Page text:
Note: This is an archived Handbook entry from 2015.
|Dates & Locations:|| |
This subject has the following teaching availabilities in 2015:Semester 2, Parkville - Taught on campus.
Timetable can be viewed here. For information about these dates, click here.
|Time Commitment:||Contact Hours: 1 hour lecture and 2 hour seminar per week |
Total Time Commitment:
Admission to postgraduate diploma or fourth year honours in media and communication, Master of Global Media Communication, Master of Arts (Media and Communication) Advanced Seminar and Shorter Thesis, Master of Publishing and Communications.
|Recommended Background Knowledge:|| |
|Non Allowed Subjects:|| |
Students who have previously completed 100-422 Media Writing: Rhetoric and Practice are not eligible to enrol in this subject.
|Core Participation Requirements:||
For the purposes of considering request for Reasonable Adjustments under the disability Standards for Education (Cwth 2005), and Students Experiencing Academic Disadvantage Policy, academic requirements for this subject are articulated in the Subject Description, Subject Objectives, Generic Skills and Assessment Requirements of this entry.
The University is dedicated to provide support to those with special requirements. Further details on the disability support scheme can be found at the Disability Liaison Unit website: http://www.services.unimelb.edu.au/disability/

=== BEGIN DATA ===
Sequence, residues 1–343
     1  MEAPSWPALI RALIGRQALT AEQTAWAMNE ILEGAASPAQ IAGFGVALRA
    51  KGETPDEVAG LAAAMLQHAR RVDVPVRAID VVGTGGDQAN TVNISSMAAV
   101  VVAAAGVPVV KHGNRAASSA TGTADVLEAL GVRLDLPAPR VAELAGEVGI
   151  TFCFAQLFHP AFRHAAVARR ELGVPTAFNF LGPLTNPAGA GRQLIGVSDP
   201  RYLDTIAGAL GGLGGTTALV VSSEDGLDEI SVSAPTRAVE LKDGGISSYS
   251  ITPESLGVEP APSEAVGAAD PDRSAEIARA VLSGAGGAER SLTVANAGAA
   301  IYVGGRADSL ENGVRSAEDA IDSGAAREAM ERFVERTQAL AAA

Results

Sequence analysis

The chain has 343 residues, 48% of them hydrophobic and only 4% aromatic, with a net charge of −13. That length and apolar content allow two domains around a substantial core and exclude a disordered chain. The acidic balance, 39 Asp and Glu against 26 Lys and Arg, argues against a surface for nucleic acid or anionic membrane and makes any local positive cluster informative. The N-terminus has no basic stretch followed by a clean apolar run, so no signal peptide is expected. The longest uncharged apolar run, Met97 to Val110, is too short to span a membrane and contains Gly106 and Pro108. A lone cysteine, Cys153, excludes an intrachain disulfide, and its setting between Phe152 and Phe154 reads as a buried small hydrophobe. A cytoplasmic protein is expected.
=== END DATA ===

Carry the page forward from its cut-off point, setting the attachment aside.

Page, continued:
CoordinatorDr Carolyne Lee
Developed from at least the fifth century BCE onwards, the metalanguage of rhetoric (writing on writing, or discourse on discourse) is today inextricably imbricated in both practices and critiques of media language. This subject examines the highly controversial history of rhetoric, always already embedded in philosophy, as well as its competing definitions, and various appearances, influences, and even metamorphoses, in writing practices and in theories of communication from the time of Aristotle through to the age of electronic media. At the same time, the subject addresses current practices of media writing within national and global media spheres. It views these through the lens of the metalanguage of rhetoric, encouraging critical engagement with both media writing and rhetorical theory, and most importantly with students' own writing practices.
Students who complete this subject will:
A seminar paper of 1500 words worth 20% (due during the semester); an original piece of appropriately-targeted media writing 1000 words worth 20% (due during the semester); a critical, theoretical essay of 2500 words worth 60% (due in the examination period). Students are required to attend a minimum of 80% (or 10 out of 12) classes in order to qualify to have their written work assessed. Any student who fails to meet this hurdle without valid reason will not be eligible to pass the subject. All required written work must be submitted in order to pass the subject. Essays submitted after the due date without an extension will be penalised 2% per day. Essays submitted after two weeks of the assessment due date without a formally approved application for special consideration or an extension will only be marked on a pass/fail basis if accepted.
|Prescribed Texts:|| |
A subject reader will be available.
|Breadth Options:|| |
This subject is not available as a breadth subject.
|Fees Information:||Subject EFTSL, Level, Discipline & Census Date|
Students who successfully complete this subject will:
Master of Creative Writing, Publishing and Editing |
100 Point Master of Global Media Communication |
100 Point Master of Publishing and Communications
150 Point Master of Global Media Communication
150 Point Master of Publishing and Communications
200 Point Master of Global Media Communication
200 Point Master of Publishing and Communications
Media and Communications
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